A Texas Republican lawmaker has compiled a list of 850 books on topics ranging from racism to sexuality that could “make students uncomfortable,” and demands that school districts across the state report if there are any. a in their classrooms or libraries.
State Representative Matt Krause, R-Fort Worth, also wants to know how many copies of each book the districts have and how much money they have spent there, according to a letter he sent to Lily Laux on Monday, Assistant Commissioner of School Programs at the Texas Education Agency, and several school district superintendents.
Krause, who chairs the House committee on state general inquiries, also asked districts to identify “any other books” that could cause students “to feel guilty, anguish or some other form of pain. psychological distress because of their race or gender or to convey that a student, because of their race or gender, is inherently racist, sexist or oppressive, whether consciously or unconsciously.
“Your early attention to this request is appreciated,” he wrote, giving them a deadline of Nov. 12 to respond.
In addition to the letter, which was first obtained by The Texas Tribune, Krause added the list of books which includes well-known titles like the Pulitzer Prize-winning William Styron novel, “Confessions of Nat Turner” and bestsellers that have turned into movies or TV series, such as “The Cider House Rules” by John Irving, the dystopian “V For Vendetta” by Alan Moore and the graphic novel version of “The Handmaid’s Tale “by Margaret Atwood.
Krause did not explain in the letter exactly why he was seeking this information, but his investigation came just months after Texas lawmakers attempted to ban critical race theory from school campuses.
Lawmakers noted that a number of school districts in Texas recently “removed books from libraries and / or classrooms after receiving objections from students, parents and taxpayers.”
One of them, according to the letter, is the Carroll Independent School District in the affluent Dallas / Fort Worth suburb of Southlake.
Southlake was the subject of a recent NBC News investigation into racism in this school system and the fight against the CRT, which argues that racism is ingrained in institutions across the country. CRT has also become a shortcut for conservatives opposed to teaching about the racist roots of US history.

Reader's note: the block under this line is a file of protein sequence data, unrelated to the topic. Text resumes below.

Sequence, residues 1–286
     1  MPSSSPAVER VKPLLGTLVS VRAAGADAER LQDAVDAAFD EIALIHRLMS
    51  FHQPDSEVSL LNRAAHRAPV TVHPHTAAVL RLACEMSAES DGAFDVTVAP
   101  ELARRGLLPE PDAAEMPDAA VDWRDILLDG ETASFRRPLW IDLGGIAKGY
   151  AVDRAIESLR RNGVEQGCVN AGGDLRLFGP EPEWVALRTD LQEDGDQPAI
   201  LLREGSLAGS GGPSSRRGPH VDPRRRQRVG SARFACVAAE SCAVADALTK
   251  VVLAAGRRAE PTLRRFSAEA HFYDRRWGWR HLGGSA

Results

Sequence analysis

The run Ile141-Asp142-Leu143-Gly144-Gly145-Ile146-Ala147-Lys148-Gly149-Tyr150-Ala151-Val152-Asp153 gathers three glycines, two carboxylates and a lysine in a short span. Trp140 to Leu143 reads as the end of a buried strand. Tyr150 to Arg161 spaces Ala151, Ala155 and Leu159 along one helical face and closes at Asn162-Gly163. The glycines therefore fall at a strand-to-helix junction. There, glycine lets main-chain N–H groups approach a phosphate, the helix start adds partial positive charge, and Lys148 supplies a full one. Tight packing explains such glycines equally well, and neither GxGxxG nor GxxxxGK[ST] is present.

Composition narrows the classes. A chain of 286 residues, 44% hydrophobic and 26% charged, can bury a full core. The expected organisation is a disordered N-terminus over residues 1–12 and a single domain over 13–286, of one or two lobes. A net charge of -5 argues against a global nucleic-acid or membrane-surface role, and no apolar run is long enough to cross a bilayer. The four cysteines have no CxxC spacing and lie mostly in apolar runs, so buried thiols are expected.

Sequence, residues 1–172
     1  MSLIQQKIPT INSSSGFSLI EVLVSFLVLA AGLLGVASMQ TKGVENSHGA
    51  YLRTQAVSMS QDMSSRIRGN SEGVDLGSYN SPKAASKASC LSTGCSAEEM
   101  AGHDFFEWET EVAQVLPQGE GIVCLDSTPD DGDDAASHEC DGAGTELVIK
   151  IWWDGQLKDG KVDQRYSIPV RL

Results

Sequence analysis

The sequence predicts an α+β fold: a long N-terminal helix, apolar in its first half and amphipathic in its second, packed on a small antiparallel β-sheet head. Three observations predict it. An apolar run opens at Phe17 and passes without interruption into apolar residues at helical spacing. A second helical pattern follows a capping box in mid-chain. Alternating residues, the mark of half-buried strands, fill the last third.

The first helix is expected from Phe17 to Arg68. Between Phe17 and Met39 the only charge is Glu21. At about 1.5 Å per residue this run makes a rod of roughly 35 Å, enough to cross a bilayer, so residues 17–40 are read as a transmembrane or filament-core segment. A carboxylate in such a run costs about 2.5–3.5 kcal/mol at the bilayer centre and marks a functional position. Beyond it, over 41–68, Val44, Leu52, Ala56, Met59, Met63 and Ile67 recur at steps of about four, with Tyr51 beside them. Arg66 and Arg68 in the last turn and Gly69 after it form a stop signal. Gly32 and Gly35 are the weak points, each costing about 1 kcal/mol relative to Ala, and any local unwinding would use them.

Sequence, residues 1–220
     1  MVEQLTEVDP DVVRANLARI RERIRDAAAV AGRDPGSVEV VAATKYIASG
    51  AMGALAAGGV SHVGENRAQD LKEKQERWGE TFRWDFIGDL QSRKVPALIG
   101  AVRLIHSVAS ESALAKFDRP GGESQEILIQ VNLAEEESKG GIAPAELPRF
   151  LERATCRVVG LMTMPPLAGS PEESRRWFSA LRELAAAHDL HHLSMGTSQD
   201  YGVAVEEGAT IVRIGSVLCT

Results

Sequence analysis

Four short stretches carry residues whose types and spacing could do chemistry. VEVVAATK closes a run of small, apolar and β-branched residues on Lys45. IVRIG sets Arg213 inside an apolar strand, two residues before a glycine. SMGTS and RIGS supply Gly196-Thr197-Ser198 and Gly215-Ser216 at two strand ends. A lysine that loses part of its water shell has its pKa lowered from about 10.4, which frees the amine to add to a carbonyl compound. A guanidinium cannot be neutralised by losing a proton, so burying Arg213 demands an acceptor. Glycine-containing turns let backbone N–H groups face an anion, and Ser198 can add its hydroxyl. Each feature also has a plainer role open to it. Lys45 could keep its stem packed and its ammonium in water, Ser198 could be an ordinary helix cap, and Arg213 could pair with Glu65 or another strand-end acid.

Krause did not respond when NBC News asked specific questions about his letter, his choice of books, and whether he had read any of the books on the list.
“Any information held by the committee related to its investigative work, including the fact of any sensitive information, is confidential by law and therefore excluded from disclosure,” said committee general counsel Darren Keyes later. , in an email.
Rep. Victoria Neave, a Democrat from Dallas who is vice chair of the inquiry committee, said she first heard of Krause’s letter from a school official and called it “politically motivated” blow. Krause is one of many candidates to be the state’s next attorney general.
The state teachers union said Krause’s decision “smacked of a witch hunt.”
“Representative. Krause’s letter demanding that principals provide him with lists of books on certain subjects on their school shelves is disturbing and overly political in the classroom,” said the president of the school. Texas State Teachers Association, Ovidia Molina, in a statement, “What will Rep. Krause come up with next? Burning books that he and a handful of parents find objectionable?”
The list of books also includes titles from black writers, such as “Between the World and Me” by Ta-Nehisi Coates and “Hood Feminism: Notes from the Women that a Movement Forgot” by Mikki Kendall.
Also on Krause’s list was Isabel Wilkerson’s book “Caste: The Origins of Our Discontents,” which, among other things, showed that Nazi Germany had modeled its anti-Semitic policies on black segregation in the United States.
The list also includes books on abortion and homosexuality, such as “LGBT Families” by Leanne K. Currie-McGhee and “The Underground Guide to Teenage Sexuality: An Essential Handbook for Today’s Teens and Parents” by Michael J. Basso.
Krause’s list also includes a book that has been a hit with conservative readers, namely “Eyes on Target: Inside Stories from the Brotherhood of the US Navy SEALs” by Scott McEwen and Richard Miniter.
After hearing that his book had landed on Krause’s list, McEwen said, “I find this very distressing.”
“This book is not against anything,” he said. “It’s basically an anthem to the Navy SEALs. I don’t care which side of the political spectrum you are on. Banning books is wrong. I’m completely against banning books.”